I was telling this story the next day to my male co-workers and they expressed disgust. One of them said,
–That’s nasty. Why would Daniel even want to do such a thing?
And I explained,
–Well, look at it this way, if you had to sleep with Melissa every night, I bet you’d probably find sticking your hand up a dog’s asshole to be a pleasant change of pace.
Regina Pulaski was a young mother whose marriage to a pothead restaurant cook was dying by inches. She wanted out. She wanted better.
From the way Regina told it—and I never had cause to doubt her—she was a Siren. Men met her and lost their fucking minds. Some of the time she would respond to them. Most of the time she didn’t. But they never forgot her. And they never got over her.
Regina and I did not get along at all initially. But we eventually bonded over two things we had in common: 1) She had a son she loved more than life, whom she spoiled shamelessly. I had a dog I loved more than life, whom I spoiled shamelessly. 2) We both had big mouths. Neither of us could shut up talking about the crazy, fucked-up adventures we’d had in our lives.
I told Regina that one day I would write a novel based on her life.
Cathleen Coleman was from a rich San Antonio family, a Catholic girl who desperately wanted to be an East Coast Jew, the same way I’ve always wanted to be a British aristocrat. She looked like a cross between Amelia Earhart and Bjork, loved T. S. Eliot and “The Simpsons,” and was studying Jamesian pragmatism.
She made the most shocking jokes at my expense. When she helped me prepare a new resume when I was getting ready to go job-hunting in Austin in 1998, I gave her a first draft. She jotted commentary all over the margins. Next to my list of interests she wrote,
–“And I like little boys….Mmmm, little boys…”
Once, in the Stock Room, she was berating me in front of a few other co-workers. She got me so frustrated, I said,
–Goddammit! You frustrate me so fucking much! You and my mother are two-of-a-kind!
–Why’s that—because we both call you on your bullshit and neither of us will sleep with you?
I was so horrified the only thing I could do was laugh.
Vincent Hoffmann was hired the same time I was. We used to got off to one side and talk about how stupid most of our co-workers were. He said one of his chief memories of the store was when he’d work in his section, and hear, from halfway across the room, the sound of me heaving sad and desperate sighs.
He was a very conservative and devout Catholic, from a family of seven children. He had a girlfriend, Bernadette, who headed up a local anti-abortion crusade. He also was a professed foot fetishist. I tried to explain to him that the whole point of a fetish was that it was something you kept to yourself.
Vincent was responsible for the religion section as well as the New Age books, which he referred to as “newage,” pronouncing it like “sewage.” A New Age customer once chewed him out for shelving the black magic books next to the white magic ones, because she said the former sucked all of the strength out of the latter.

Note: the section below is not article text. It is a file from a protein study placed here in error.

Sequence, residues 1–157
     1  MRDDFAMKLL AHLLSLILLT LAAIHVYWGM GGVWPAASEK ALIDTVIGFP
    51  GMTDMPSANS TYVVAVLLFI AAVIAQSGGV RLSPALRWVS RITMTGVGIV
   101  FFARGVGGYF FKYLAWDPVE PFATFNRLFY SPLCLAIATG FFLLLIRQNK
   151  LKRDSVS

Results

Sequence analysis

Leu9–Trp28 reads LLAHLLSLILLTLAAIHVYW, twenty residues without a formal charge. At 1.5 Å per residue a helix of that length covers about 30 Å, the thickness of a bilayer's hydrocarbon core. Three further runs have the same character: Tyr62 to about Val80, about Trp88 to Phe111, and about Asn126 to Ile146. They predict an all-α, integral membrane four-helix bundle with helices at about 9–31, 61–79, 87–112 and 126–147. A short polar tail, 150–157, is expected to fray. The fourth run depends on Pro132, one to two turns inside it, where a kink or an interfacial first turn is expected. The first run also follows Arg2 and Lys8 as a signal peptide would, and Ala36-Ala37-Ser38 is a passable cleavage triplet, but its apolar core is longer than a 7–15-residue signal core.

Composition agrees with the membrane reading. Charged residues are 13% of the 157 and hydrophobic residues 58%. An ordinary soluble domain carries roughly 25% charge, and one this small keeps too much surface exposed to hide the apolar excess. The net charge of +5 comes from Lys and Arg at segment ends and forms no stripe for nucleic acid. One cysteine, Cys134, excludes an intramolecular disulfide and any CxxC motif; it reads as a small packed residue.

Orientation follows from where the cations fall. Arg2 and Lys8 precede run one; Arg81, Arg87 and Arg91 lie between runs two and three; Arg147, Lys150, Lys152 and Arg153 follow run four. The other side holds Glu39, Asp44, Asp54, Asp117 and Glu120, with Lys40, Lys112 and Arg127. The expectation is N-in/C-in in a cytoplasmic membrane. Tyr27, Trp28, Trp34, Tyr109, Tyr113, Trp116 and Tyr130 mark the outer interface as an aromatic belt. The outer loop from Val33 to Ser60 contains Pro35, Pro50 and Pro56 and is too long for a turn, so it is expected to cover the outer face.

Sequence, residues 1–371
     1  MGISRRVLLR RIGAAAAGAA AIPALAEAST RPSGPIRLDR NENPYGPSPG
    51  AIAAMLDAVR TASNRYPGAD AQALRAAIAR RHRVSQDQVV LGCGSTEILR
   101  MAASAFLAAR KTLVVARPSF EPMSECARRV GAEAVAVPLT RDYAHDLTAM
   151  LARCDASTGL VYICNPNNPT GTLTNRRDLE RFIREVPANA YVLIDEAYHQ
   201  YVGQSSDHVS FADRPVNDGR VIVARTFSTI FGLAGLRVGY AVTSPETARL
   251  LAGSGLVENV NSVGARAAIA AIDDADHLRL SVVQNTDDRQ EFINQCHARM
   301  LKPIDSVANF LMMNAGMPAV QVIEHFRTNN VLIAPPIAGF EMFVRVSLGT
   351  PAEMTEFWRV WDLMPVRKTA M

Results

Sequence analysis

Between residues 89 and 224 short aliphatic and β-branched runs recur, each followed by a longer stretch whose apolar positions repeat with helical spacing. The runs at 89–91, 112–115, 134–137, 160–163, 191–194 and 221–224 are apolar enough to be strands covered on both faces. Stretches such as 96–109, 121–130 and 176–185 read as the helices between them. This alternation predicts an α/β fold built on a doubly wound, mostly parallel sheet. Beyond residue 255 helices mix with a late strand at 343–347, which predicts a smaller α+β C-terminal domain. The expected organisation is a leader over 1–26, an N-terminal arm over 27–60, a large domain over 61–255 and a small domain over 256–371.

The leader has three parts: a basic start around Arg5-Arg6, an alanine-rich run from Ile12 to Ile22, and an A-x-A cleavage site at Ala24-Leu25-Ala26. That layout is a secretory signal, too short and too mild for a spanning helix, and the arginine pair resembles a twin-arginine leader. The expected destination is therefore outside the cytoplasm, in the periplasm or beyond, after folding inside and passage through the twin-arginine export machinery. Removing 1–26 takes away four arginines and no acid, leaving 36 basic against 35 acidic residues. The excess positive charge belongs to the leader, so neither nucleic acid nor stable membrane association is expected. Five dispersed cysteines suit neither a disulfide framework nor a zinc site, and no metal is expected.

Vincent and Bernadette eventually moved into separate apartments in my complex. One night, when Vincent was working and I was home there was a power outage. I stuck my head out the door and saw the whole neighborhood was dark. Bernadette was standing by the front entrance to the complex. I wandered over there and she introduced me to her roommate, Cindy. We talked about the outage, and I said,
–Yeah, I was just getting ready to give Fred a back massage when the lights went out.
Cindy suddenly made an odd harumphing noise and turned and walked away. I found out the rest of the story the next day from Vincent.
When he got off work that night he’d gone by Bernadette’s and she’d said they’d seen me. Cindy was in quite a huff:
–I can’t believe they allow those where you work.
–What are you talking about?
–I can’t believe they allow people like that to work in your bookstore.
–People like what?
–J____ isn’t a homosexual.
–But he said he was getting ready to give some guy named Fred a back massage.
–Fred is his Basset Hound.
One evening around 2am I took Fred for a walk and saw Vincent sitting out in front of his apartment. We talked for awhile, then saw a large old car drive in, and pull up beside a dumpster at the far end of the parking lot. School had just ended, so it wasn’t uncommon to see dumpster divers come by and prowl through the trash to see if any people had left good stuff behind when they moved out. Foreign students often tossed appliances, full sets of dishes and pots and pans, and perfectly good pieces of furniture because they couldn’t take all that stuff back on the plane home.
But after these guys poked around in the dumpster they pulled over to the front office. And as Vincent and I watched, they jumped out and loaded two newspaper honor boxes into their trunk and sped away.
We called the cops. They showed up about an hour later.
Two months later I got a knock at my door. It was a stocky middle-aged police detective, wearing a loud polyester suit that looked like the seat cover to a ’71 Chevy Impala: